What is Hillman?
The Hillman Advocacy Program is a learn-by-doing seminar patterned after well-known techniques developed by the National Institute of Trial Advocacy (NITA). It gives over 60 attorneys a unique opportunity to develop courtroom skills under the guidance of some of Michigan’s top trial lawyers – all of whom volunteer their time. The program keeps the number of participants low to maintain a 3-to-1 student to teacher ratio.
The West Michigan Chapter of the Federal Bar Association, together with the U.S. District Court for the Western District of Michigan, administers and supports the Hillman Advocacy Program. Although it is similar in format and approach to other trial practice workshops, no other program involves the entire bench of a federal district court dedicating its full attention, courtrooms, and facilities for 2 ½ days to the mission of teaching and improving trial skills.
The Hillman Advocacy Program faculty consists of volunteers – the leading trial lawyers in West Michigan from both the civil and criminal bar – as well as David Mann of Simple Message Courtroom. David is on the faculty of Loyola School of Law and the National Institute for Trial Advocacy (NITA). He has constructed opening statements for winning verdicts in cases ranging from medical malpractice to defamation to securities fraud.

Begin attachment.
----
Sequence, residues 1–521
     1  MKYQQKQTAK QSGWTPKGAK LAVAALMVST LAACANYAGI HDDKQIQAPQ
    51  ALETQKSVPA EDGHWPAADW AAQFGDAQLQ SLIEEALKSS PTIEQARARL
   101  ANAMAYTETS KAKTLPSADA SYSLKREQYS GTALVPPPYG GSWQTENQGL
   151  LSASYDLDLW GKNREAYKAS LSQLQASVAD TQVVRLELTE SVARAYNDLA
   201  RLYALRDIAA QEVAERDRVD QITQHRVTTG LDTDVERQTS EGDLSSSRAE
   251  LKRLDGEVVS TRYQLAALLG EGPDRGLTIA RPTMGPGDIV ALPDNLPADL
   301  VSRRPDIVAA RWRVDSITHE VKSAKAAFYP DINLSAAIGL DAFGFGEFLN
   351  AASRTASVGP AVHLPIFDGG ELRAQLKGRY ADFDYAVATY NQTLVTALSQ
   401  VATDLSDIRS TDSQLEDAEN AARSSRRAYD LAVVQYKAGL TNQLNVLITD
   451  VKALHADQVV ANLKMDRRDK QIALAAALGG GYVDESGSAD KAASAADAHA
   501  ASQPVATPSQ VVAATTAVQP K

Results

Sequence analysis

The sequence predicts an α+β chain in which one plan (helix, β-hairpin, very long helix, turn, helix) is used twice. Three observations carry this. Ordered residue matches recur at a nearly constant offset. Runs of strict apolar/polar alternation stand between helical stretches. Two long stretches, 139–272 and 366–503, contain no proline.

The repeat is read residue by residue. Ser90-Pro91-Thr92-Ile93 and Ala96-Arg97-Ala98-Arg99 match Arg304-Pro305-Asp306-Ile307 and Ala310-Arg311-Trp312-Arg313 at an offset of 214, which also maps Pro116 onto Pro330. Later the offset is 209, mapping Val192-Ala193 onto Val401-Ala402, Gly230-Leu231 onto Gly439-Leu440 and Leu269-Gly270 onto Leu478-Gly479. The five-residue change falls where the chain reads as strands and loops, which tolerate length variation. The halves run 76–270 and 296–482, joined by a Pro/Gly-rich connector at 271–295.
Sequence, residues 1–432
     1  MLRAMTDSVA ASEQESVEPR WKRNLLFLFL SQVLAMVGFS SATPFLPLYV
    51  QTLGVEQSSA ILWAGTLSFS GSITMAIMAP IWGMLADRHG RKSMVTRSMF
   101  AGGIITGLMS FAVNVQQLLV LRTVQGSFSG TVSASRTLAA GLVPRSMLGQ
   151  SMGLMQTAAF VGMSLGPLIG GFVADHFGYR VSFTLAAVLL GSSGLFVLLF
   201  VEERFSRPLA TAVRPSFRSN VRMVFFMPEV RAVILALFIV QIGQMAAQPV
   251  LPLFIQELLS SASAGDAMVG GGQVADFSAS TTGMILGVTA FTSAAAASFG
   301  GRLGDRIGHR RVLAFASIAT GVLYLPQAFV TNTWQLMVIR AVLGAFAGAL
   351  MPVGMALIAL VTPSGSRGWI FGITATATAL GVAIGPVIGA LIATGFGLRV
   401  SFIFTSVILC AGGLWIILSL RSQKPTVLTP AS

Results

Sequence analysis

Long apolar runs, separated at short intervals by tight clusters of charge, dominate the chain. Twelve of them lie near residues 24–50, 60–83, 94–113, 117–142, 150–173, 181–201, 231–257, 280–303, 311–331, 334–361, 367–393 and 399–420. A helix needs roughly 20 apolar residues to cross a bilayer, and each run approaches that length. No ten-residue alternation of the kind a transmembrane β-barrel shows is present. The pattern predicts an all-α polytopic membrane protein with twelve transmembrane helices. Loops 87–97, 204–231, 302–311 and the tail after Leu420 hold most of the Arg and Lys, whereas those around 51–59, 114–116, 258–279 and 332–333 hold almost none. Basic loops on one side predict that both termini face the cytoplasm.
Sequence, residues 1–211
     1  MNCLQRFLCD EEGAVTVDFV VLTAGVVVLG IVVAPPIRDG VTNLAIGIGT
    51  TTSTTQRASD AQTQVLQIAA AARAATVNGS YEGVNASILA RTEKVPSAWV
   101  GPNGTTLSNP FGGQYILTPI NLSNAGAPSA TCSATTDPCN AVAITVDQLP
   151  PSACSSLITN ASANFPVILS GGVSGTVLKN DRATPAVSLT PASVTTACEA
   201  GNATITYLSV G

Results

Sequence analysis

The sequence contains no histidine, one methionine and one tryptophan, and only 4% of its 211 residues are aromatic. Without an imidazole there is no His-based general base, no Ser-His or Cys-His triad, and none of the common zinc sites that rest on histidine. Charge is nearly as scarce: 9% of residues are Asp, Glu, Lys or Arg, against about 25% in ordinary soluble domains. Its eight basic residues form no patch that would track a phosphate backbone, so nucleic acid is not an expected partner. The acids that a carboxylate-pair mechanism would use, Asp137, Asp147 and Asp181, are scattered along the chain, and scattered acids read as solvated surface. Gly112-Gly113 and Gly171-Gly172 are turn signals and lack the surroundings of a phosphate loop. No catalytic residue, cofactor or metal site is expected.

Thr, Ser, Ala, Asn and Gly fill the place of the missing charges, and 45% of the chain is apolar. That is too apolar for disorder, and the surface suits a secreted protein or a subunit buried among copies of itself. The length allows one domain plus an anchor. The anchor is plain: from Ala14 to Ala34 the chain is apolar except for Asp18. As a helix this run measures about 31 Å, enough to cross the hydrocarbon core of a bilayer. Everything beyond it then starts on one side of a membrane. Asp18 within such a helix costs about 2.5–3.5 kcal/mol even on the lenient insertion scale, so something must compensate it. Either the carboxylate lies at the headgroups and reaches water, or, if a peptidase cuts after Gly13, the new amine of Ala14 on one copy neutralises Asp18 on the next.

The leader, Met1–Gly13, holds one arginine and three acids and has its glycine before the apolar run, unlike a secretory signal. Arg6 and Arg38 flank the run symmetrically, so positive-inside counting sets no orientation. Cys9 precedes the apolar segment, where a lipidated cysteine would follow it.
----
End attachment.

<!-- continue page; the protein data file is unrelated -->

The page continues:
Remarkably, the district’s federal judges actively participate in the program. A district judge, magistrate judge, and/or circuit court judge is assigned to each class of students and, over a box lunch provided by the workshop, the students have the opportunity to engage in conversation with the judges on an informal basis. Students and judges alike mark this lunch as one of the highlights of the program.
Learn by Doing
During the program, each participant conducts direct- and cross-examinations of live witnesses (played by volunteers consisting of area lawyers, paralegals, and court personnel), and performs exercises involving impeachment of witnesses and introduction of exhibits. Their performances are recorded and reviewed with the student and critiqued by a faculty member.